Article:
Occasionally, under very rare circumstances, you run across a true “barn find”. This is a 1968 Mustang GT Fastback that I recently found under a tarp in my parent’s barn. You see, I’ve been out of the house for a few years, in fact, out of the state for many of them. When my parents informed me that they were selling the house I grew up in, and they were building a cabin in the woods somewhere, I figured I should come collect some of my things. I hadn’t been in the barn for at least 5 years by this point, so it was somewhat of a surprise to me to see it 100% organized and clean. Tucked off, in the back corner of the barn, was this forgotten gem.
I grew up a 4H kid, so I spent a lot of time in the barn preparing my flock for show. If there had been a Mustang within miles of that barn, I would have sniffed it out. This one, though, had not been there when I was a rebellious farming youth. It didn’t show up until later. I remember having met this car as a learned and worldly 17 year old. I admired its voluptuous form, its hard served life, and its years on this planet. A 17 year old, no matter how educated, simply cannot fathom something having been built nearly 20 years before their birth.
As a high-schooler, I spent the first semester of my senior year living in Spain, a little town called Murcia, to be precise. It was the number one defining period of my early life, as it was my test separating the “kid world” from that of the “adult world”. I learned who I was, and who I became owes a debt of gratitude to that kid who decided to leave the nest and study abroad. Another thing I learned while I was there was my affinity for cars. My Stepfather’s Father would send me care packages that included his already-been-read Hot Rod, Popular Hot Rodding, MoPar, and Motor Trend magazines. Being that these magazines were the only English language literature I had at my disposal, I read every word several times.
While I was away, my folks heard tell of a Mustang for sale in the depths of the wilds of Georgia. My Mother’s Father, always looking for an excuse to head to the warmth of the south, agreed to pick the car up and trailer it back to Michigan as a way of surprising me when I returned home from Europe. Needless to say, I was ecstatic when I saw the patina and gold exterior of this lovely car. Undeterred by years of grime, pitted chrome, and rotted floorboards, I saw the potential in the machine.
Excited to get started wrenching, I immediately began removing panels. Intricately organizing bolts, nuts, and screws became a way of life. Removing the beautiful to get down to the ugly, I began making lists of what the car needed. Either out of disgust, lack of depth, or perhaps funds, my Step-dad suggested we shelve the project until a more seasoned professional could tackle the job. My beloved fastback was extricated from the garage to make room for one of my other projects, and was banished to live in the barn.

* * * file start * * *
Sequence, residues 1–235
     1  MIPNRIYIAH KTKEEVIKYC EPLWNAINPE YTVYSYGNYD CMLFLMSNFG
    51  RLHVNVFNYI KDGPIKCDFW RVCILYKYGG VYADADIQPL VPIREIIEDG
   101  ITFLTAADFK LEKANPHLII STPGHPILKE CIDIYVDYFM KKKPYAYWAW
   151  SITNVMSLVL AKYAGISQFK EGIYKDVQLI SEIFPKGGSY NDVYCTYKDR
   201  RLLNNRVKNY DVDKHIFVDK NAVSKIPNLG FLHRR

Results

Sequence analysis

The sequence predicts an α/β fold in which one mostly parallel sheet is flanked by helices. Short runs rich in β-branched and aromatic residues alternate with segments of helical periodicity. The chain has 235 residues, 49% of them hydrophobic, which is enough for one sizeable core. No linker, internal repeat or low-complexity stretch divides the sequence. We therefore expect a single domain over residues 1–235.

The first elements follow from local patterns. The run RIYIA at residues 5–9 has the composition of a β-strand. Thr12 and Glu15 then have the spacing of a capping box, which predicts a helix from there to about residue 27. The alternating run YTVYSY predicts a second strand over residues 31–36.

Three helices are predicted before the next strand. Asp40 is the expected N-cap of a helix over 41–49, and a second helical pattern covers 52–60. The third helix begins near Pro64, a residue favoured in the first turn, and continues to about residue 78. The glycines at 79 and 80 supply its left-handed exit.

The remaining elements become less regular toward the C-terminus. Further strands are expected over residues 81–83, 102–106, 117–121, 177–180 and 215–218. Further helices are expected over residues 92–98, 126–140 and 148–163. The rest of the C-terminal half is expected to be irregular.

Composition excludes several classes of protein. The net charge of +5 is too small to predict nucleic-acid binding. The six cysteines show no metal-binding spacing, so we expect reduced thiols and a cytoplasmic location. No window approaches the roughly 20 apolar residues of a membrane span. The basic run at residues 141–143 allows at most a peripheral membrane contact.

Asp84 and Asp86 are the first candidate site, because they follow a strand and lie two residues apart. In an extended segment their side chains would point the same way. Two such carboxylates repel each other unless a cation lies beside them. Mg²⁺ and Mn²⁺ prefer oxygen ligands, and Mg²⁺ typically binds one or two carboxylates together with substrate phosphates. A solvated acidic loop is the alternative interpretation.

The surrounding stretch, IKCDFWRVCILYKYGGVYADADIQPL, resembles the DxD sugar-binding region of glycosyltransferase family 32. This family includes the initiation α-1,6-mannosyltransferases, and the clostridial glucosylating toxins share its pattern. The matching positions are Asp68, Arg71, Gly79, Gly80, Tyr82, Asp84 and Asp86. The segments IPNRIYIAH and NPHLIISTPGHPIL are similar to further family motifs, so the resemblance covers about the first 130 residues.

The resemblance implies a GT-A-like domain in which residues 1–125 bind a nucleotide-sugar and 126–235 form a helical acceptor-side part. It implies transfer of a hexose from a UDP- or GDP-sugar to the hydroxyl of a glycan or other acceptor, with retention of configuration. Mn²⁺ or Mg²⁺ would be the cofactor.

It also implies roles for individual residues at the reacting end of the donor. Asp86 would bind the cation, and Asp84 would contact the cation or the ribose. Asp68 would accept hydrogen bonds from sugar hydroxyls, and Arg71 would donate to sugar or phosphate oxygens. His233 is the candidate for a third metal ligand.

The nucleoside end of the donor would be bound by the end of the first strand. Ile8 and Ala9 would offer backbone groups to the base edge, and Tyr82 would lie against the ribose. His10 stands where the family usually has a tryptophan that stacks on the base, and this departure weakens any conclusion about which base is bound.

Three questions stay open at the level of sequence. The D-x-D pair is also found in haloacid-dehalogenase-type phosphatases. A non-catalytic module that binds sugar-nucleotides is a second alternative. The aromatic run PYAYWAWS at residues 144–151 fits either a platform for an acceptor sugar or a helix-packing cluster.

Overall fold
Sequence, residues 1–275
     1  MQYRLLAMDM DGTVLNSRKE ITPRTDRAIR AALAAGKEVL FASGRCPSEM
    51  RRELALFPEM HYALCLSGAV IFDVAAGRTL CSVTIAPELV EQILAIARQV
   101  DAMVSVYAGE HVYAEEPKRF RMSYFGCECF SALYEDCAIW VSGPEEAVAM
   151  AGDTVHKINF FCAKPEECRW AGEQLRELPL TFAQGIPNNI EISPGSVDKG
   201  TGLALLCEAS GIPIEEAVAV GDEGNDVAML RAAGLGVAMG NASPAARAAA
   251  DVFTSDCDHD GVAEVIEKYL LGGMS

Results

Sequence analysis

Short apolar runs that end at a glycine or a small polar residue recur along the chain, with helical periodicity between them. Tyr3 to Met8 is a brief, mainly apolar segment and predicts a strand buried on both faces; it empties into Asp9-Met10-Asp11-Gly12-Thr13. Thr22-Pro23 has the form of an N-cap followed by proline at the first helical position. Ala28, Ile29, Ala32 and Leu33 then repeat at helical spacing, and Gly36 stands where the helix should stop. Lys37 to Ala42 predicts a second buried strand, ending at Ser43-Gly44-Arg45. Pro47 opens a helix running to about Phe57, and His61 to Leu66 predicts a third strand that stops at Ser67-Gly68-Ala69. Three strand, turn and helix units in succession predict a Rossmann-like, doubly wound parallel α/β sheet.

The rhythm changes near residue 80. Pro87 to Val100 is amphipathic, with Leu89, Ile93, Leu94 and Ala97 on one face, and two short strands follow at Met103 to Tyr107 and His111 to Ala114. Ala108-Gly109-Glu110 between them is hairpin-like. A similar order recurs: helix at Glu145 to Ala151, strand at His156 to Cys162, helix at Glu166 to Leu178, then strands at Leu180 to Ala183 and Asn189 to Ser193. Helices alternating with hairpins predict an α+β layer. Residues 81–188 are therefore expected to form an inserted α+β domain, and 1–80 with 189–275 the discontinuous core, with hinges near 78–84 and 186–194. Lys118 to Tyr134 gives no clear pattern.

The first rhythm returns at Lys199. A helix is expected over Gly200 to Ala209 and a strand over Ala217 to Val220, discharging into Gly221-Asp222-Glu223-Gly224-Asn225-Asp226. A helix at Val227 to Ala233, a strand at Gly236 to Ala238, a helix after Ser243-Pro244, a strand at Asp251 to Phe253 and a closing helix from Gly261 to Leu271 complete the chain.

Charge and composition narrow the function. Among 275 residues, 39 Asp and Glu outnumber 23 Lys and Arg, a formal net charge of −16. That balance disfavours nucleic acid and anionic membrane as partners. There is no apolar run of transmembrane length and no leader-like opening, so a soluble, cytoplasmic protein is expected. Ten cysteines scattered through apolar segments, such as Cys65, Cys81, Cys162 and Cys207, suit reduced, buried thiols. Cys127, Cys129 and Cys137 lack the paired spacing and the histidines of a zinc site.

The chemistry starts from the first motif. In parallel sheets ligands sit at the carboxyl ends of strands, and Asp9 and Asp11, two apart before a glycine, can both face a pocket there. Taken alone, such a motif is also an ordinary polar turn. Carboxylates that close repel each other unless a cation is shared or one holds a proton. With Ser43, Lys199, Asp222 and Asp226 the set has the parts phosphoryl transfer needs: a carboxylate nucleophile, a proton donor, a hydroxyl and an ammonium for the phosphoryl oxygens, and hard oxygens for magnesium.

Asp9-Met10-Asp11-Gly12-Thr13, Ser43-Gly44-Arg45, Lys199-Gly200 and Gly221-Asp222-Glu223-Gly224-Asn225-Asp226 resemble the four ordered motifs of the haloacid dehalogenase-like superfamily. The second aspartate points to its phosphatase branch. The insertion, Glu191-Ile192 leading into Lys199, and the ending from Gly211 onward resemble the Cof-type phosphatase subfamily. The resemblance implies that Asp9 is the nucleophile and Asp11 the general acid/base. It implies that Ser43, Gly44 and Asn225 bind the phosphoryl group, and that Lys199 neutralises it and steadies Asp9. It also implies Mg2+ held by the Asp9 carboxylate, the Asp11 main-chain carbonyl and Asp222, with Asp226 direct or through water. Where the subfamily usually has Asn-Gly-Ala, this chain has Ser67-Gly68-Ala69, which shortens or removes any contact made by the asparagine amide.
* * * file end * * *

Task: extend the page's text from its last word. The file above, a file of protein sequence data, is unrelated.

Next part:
Because of this, over the years my brain began developing a tarnished view of the car, thinking the worst of everything. Viewed through my youngster eyes, my adult brain had lengthened the list of “needs” to include full floor pans, firewall sections, rocker panels, door bottoms, fuel tank, trunk perimeter, fenders, and a radiator support at the minimum. Whether I have become more pragmatic with age, or if my time with Hooniverse has taught me to appreciate patina, when I looked upon the car just a few weeks ago, I viewed it with a clarity more closely related to the great opportunity that it provided. With this most recent viewing of the car, I have seen that the rockers are solid, and the floor pans could simply be patched in the front footwells. The only section that gives me any bit of fright is the section under the battery tray where large holes have made themselves present, but even this is repairable.
There are a few plans for the car, as I have a ton of visions of what the future holds for this car. I ask the glorious Hoons to assist me in focusing this mosaic dream into a single plan. Tell me which of the following ideas you prefer, and with luck, time, effort, and money, I might be able to bring one of them to fruition. First, I could repair the worst of the rust, and overhaul the existing mechanical bits (currently running a 1967 302 Hi Po, a 5-speed, and a Ford 9″) to get everything back into running condition, and leave the exterior patina intact. Going with this method, ideally, the car will never see a paint booth again. Secondly, I have always had a vision of replicating a fast and loose version of Frank Bullit’s road machine. This would involve a Ford FE engine, a Highland Green paintjob, and blacked out wheels. Preferably, I could find someone in a black Charger R/T to chase around. Thirdly, I could go completely crazy and build myself a street legal track terror. I’ve had a crazy idea bouncing around in the back of my head for years now, which involves a twin-turbocharged 300ci Ford straight-six, a full bevvy of suspension modifications, and a largely period-correct track ready interior.
At some point, I would like to press this beast into the daily driver rotation, however, with a potential move to yet another state on the horizon, my fastback might have to wait a few more years before I can help it to realize its potential. Maybe I have too many projects as it is…
Bradley C. Brownell is an Editor with Hooniverse.com, but he also contributes to his own site “themostlyporscheblog“. Head over there for more of his work.
[Photos: Hooniverse/Bradley C. Brownell]